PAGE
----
In a significant number of cases, the exercise of authority to formulate federal common law is difficult to trace to a specific provision in the Constitution or in a statute. In such cases, the authority may be attributed more broadly to the nature of the judicial process, to the structure of our federal constitutional system, and to the relationships created by it. The authority, in other words, may be rooted in necessity. As Justice robert h. jackson put it, concurring in D'Oench Duhme Co. v. F.D.I.C. (1942): "Were we bereft of the common law, our federal system would be impotent. This follows from the recognized futility of attempting all-complete statutory codes and is apparent from the terms of the Constitution itself."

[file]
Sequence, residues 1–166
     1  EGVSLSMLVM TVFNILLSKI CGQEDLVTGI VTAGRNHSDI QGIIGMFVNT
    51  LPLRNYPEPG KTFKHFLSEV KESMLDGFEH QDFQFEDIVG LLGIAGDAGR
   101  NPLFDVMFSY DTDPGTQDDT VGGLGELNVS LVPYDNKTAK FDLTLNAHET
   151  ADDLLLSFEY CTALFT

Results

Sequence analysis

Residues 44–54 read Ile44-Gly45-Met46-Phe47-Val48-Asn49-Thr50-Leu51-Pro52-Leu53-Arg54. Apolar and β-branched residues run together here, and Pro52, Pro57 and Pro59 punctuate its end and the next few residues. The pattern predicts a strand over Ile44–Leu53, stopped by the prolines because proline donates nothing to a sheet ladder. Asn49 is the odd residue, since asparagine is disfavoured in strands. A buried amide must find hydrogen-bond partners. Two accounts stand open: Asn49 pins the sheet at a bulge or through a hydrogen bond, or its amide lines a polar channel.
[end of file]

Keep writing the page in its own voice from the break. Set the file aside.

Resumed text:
Some examples of the exercise of this authority may help to clarify its scope. Perhaps most important is the category of those interstate or international disputes that, in the words of the Supreme Court, "implicate conflicting rights of States or our foreign relations" (Texas Industries, Inc. v. Radcliff Materials, Inc., 1981). Such disputes do not always fall within the specific jurisdictional grants of Article III applicable to certain interstate or international controversies. In any event, the existence of a conflict between the interests of two states may make it inappropriate for the law of either to govern of its own force. And controversies affecting our relations as sovereign with foreign nations may require a single federal response rather than a cacophony of responses rooted in varying state laws. (See act of state doctrine.)